Abstract • A characteristic and natural autofluorescence that appears brilliant green in frozen sections of untreated skin when viewed under the fluorescent microscope is demonstrated. Study with various barrier filters and exciter filters indicates that the optimum absorption for visualization of this is 300 to 330 nm, and the optimum fluorescence is between 500 and 530 nm under the conditions used. Clinical study of skin from 52 patients including black, white, Puerto Rican, and Chinese indicates a relationship between skin color and intensity of autofluorescence. In addition, the cellular localization of autofluorescence corresponds to sites of melanin. Cells in the basal layer are involved most conspicuously and nuclei are spared. (Arch Dermatol 112:667-670, 1976) References 1. Dunn DR, Barth RF: Identification of melanoma cells by formaldehyde-induced fluorescence . Cancer 33:701-706, 1974.Crossref 2. Falck B, Jacobson S, Olivecrona H, et al: Fluorescent dopa reaction of nevi and melanomas . Arch Dermatol 94:363-369, 1966.Crossref 3. Olivecrona H, Rorsman H: The effect of roentgen irradiation on the specific fluorescence of epidermal melanocytes . Acta Derm Venereol 46:403-405, 1966. 4. Olivecrona H, Rorsman H: Fluorescence microscopy of malignant melanoma in the syrian golden hamster . Acta Derm Venereol 46:401-402, 1966. 5. Hamperl H: Die Fluoreszenzmikroskopie Menschlicher Gewebe . Virchows Arch Pathol Anat 292:1-51, 1934.Crossref 6. Van Duijn C: Primary fluorescence . Microscope 10:1-6, 1954. 7. De Lerma B: Die Anwendung Von Fluoreszenlicht in der Histochemic , in Graumann W, Neumann K (eds): Handbuch der histochemic . 1/ (1) , 78-159, 1958. 8. Nairn RC: Fluorescent Protein Tracing , ed 2. Baltimore, Williams & Wilkins Co, 1964, p 7.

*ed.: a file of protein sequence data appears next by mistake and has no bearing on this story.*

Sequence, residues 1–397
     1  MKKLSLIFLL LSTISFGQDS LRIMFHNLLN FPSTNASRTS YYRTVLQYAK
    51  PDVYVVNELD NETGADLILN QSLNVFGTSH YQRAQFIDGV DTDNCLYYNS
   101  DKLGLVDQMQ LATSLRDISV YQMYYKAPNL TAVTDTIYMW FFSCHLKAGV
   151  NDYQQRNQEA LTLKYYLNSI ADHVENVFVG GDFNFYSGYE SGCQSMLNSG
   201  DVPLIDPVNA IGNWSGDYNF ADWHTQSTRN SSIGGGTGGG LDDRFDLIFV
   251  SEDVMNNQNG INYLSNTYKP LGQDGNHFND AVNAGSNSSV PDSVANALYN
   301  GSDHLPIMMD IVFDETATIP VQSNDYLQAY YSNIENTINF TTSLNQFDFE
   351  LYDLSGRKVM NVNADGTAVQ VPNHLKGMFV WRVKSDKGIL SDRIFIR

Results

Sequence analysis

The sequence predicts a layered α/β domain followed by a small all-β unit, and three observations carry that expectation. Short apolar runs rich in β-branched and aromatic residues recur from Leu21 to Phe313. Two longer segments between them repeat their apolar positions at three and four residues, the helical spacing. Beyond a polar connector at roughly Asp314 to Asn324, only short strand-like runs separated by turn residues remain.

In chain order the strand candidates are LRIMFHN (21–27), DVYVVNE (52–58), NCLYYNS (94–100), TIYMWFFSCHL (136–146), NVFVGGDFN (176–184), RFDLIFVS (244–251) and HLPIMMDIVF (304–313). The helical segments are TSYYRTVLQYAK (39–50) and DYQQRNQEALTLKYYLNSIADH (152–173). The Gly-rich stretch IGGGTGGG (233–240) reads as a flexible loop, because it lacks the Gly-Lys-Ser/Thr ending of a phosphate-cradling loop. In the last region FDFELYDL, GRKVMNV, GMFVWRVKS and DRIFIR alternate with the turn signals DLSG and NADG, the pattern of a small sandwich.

Archives of Dermatology – American Medical Association
Published: May 1, 1976